Condo Conversions Are The New Residential Reality

Low mortgage costs and high home prices have launched a rash of condo conversions--a new trend that's bound to continue.
January 7, 2005, 1pm PST | Chris Steins | @urbaninsight
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For the second quarter 2004, "condominiums accounted for 12.8 percent of the housing market--a 33.3 percent increase over the past ten years--and have appreciated in value at an unprecedented double-digit pace for the past four years. This demand is being driven by first-time buyers, many of whom have been priced out of the current housing market boom, as well as increasingly wealthy empty nesters that are recouping huge appreciation windfalls and reinvesting in lower-maintenance condos or co-ops, often in downtown areas...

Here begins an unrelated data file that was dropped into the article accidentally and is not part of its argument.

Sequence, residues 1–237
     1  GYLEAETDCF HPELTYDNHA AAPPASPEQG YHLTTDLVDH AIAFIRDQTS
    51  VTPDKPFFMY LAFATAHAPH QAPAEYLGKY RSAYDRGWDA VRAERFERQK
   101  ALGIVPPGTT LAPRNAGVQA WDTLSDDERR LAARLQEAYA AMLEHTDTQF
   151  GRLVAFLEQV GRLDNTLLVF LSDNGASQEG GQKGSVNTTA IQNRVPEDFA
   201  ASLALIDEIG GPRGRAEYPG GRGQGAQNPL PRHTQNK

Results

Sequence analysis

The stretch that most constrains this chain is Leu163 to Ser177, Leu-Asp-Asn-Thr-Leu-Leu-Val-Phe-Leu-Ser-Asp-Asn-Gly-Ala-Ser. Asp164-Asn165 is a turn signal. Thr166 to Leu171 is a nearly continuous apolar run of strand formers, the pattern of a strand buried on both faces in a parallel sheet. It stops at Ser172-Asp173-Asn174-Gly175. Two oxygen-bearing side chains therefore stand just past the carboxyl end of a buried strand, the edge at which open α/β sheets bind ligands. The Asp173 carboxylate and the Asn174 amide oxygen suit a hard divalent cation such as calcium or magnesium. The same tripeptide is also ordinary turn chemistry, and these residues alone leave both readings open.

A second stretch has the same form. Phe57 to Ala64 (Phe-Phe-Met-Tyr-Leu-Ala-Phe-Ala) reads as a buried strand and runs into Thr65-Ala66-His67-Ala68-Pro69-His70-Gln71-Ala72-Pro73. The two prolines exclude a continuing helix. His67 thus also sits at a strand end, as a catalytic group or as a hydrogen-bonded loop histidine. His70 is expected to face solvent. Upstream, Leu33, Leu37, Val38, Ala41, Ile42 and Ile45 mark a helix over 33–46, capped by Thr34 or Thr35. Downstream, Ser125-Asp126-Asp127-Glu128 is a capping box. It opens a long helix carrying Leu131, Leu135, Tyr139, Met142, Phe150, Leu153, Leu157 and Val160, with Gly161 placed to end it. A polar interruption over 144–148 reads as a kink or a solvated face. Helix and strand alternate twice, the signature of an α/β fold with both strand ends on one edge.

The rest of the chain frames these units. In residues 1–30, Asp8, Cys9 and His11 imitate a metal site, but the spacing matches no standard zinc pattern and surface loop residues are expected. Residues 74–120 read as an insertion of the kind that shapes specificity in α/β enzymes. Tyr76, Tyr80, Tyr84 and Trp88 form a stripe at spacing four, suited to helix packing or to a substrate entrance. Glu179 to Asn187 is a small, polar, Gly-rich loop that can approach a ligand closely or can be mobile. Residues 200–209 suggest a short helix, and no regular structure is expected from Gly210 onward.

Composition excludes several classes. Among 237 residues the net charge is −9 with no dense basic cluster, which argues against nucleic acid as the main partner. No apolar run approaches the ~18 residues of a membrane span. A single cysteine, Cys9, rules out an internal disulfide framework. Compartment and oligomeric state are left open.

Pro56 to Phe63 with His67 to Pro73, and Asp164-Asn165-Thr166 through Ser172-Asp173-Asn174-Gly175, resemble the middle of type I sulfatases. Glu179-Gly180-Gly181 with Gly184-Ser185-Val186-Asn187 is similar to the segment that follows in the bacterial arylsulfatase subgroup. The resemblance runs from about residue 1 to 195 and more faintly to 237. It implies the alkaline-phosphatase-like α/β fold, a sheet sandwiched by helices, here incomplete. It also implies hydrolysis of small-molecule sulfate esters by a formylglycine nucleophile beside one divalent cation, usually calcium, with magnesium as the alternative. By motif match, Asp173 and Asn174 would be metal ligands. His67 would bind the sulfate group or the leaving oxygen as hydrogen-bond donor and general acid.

Despite the local government reticence to see rentals--typically a source of affordable housing--taken off the market, municipalities are also benefiting from the current condo mania. Many condo conversions are older rental buildings that have a significantly lower appraisal value and pay lower property taxes as a result. Consequently, revamped properties that are repackaged and sold to a condominium buyer will often result in a higher property taxes, providing local governments with an additional source of revenue."

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Published on Thursday, January 6, 2005 in REIS
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